FAYETTEVILLE, Ark. – Want to weave an icosahedral bamboo star or help build a piece of hyperbolic geometry glowing like a rainbow? Come to Honors College Math Circus, part of the U of A Come as You Arkansas 150th anniversary celebration.
Everyone on campus and in the community is invited, and there will be activities for all ages, from painting sidewalks with chalk to creating giant pop art that has a mathematical impact. Math stickers, coloring sheets and other supplies will be given away to math and art enthusiasts.
The Math Circus will be located in the Gearhart Hall courtyard from 9 a.m. at 4 p.m. Friday, September 10
Come as You Arkansas is an all-day event that will feature campus-wide meetings with students, faculty, and staff showcasing breakthrough ideas, research, and far-reaching impact from the university.
|Chaim Goodman-Strauss completes a sculpture mounted at Gathering 4 Gardener in Atlanta, Georgia in 2008. Photo: James Carey Lauder.|
RingMaster of Recreational Math
The master of ceremonies will be math teacher and artist Chaim Goodman-Strauss.
His work to demystify math began 30 years ago, when he managed to lure sleepy teenagers to the University of Texas campus for interactive math shows on Saturday mornings. Over the years, he has developed toys, games, a podcast, and community art events that explore topics from the fundamentals of logic to the shape of the universe.
In association with local artist Eugene Sargent, Goodman-Strauss has created a series of mathematical sculptures that were assembled in Atlanta by attendees of the Gathering 4 Gardner Biennial, honoring Scientific American columnist Martin Gardner.
"There's nothing like getting your hands on something to really understand an abstract concept, plus it's a lot of fun!" Goodman-Strauss said. "I look forward to working with our community to achieve something wonderful right here at U of A."
The piece de resistance will be the hyperbolic rainbow sculpture. Participants will assemble puzzle pieces cut from children's play mats and learn a bit of differential geometry along the way.
"This frilly mathematical shape appears throughout nature – in lettuce, kale, coral – and demonstrates the negative curvature of hyperbolic geometry," Goodman-Strauss said. "And it's strikingly beautiful!"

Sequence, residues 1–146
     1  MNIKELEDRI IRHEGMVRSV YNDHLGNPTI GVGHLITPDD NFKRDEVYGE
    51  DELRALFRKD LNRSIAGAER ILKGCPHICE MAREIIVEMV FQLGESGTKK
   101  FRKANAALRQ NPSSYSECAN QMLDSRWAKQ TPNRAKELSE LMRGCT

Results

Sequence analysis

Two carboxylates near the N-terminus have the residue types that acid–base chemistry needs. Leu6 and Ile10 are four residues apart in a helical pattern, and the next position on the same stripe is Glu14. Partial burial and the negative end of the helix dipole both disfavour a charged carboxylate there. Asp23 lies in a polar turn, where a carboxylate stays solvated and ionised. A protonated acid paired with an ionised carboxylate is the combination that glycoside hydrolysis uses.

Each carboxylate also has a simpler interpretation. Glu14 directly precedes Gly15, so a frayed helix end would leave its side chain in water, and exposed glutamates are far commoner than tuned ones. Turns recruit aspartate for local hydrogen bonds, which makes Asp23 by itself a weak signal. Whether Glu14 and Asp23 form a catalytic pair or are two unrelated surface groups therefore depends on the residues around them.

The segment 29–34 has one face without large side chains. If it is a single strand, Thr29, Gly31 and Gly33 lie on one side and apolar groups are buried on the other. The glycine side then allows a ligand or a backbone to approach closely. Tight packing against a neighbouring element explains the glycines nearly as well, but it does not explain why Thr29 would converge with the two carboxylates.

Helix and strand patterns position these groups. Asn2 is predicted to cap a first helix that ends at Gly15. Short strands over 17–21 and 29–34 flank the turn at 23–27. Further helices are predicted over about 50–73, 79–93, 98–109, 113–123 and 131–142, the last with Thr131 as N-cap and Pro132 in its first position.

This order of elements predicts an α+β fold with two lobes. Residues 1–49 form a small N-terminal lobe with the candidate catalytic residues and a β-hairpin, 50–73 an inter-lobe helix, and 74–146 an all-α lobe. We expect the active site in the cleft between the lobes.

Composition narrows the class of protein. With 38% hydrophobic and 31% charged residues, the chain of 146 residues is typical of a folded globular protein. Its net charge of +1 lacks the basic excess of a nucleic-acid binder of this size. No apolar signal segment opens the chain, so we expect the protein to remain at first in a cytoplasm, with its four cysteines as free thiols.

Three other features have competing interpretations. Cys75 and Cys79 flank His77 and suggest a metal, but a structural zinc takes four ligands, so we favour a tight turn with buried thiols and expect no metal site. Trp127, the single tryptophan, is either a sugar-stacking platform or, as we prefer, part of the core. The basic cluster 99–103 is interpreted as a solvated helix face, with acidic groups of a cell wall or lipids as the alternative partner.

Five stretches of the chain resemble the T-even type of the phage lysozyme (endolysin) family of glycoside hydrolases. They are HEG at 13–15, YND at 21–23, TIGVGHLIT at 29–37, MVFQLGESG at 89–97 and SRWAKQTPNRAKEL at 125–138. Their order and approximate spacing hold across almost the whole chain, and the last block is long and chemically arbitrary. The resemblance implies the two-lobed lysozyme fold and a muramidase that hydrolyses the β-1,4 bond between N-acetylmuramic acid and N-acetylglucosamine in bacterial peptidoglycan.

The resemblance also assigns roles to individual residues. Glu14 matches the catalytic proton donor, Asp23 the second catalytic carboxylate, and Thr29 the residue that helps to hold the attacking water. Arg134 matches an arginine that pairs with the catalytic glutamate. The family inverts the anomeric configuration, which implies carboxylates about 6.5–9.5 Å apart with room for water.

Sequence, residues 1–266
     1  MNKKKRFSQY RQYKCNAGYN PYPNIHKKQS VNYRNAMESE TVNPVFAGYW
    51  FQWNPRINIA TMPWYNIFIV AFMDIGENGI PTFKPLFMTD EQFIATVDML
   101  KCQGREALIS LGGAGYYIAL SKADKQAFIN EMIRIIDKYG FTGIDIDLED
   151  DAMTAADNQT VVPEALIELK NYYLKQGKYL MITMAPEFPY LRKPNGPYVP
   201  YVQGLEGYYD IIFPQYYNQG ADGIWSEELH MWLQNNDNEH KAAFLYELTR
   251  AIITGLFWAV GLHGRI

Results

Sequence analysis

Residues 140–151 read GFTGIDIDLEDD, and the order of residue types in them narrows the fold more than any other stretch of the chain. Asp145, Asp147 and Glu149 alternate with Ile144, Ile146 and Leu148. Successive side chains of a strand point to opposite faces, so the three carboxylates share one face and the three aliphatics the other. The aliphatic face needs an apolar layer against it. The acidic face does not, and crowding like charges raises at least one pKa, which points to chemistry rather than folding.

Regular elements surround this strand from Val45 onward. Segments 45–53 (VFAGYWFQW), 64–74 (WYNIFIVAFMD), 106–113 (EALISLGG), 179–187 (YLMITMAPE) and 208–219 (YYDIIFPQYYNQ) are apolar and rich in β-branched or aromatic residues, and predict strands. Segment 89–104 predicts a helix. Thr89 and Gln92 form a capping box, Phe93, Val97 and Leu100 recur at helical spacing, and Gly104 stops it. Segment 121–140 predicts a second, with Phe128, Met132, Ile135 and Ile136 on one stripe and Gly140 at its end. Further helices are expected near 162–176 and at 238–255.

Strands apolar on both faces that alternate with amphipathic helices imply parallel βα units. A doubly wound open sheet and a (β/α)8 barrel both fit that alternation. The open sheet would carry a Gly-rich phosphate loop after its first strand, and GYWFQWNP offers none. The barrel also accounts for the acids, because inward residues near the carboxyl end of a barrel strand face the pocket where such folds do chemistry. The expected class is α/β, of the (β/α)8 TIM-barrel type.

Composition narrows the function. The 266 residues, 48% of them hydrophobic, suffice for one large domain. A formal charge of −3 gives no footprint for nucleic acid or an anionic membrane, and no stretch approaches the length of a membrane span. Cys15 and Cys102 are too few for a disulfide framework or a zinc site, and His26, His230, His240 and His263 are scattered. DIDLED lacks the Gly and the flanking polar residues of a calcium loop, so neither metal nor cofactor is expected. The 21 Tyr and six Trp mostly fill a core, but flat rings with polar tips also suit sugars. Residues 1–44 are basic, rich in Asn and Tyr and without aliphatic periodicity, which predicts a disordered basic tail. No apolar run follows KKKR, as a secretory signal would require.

Goodman-Strauss is working with attorneys at the U of A to patent the system, which consists of identical parts that arc in hyperbolic curves when fitted together.
Potential uses range from a practical educational toy to a dazzling installation for a corporate plaza. More immediately, he is teaching students how to develop recreational math tools, beginning with an Honors College intersessional forum offered in August 2021.
The students have created stickers and other gifts that will be given away at the Math Circus; they will also serve as captains to ensure the event runs smoothly.
If you are curious about the new Curvahedra sculpture that was recently installed in the Gearhart Hall courtyard, the math teacher and artist Edmund Harriss, who devised the system and took a course that led to this new piece of public art, will also be available to chat with visitors.
Come give us a hand and see how beautiful math can be!
About Honors College: The Honors College at the University of Arkansas was established in 2002 and brings together college students High achievers and the best professors in the university to share transformative learning experiences. Each year, Honors College awards up to 90 freshman scholarships providing $ 72,000 over four years, and more than $ 1 million in scholarships for undergraduate research and study abroad. Honors College is nationally recognized for the high level of students it admits and graduates. Honors students enjoy small, in-depth classes, and programs are offered in all disciplines, tailored to students' academic interests, and interdisciplinary collaboration is encouraged. Fifty percent of Honors College graduates have studied abroad, and 100 percent of them have engaged in mentoring research.
About the University of Arkansas: As Arkansas' flagship institution, the U of A offers an internationally competitive education in more than 200 academic programs. Founded in 1871, the U of A contributes more than $ 2.2 billion to the Arkansas economy through teaching new knowledge and skills, entrepreneurship and job development, discovery through research and activity. creative and, at the same time, provides training for professional disciplines. The Carnegie Foundation ranks U of A in the top 3% of US colleges and universities with the highest level of research activity. US News & World Report ranks U of A among the best public universities in the nation. See how the U of A works to build a better world in Arkansas Research News.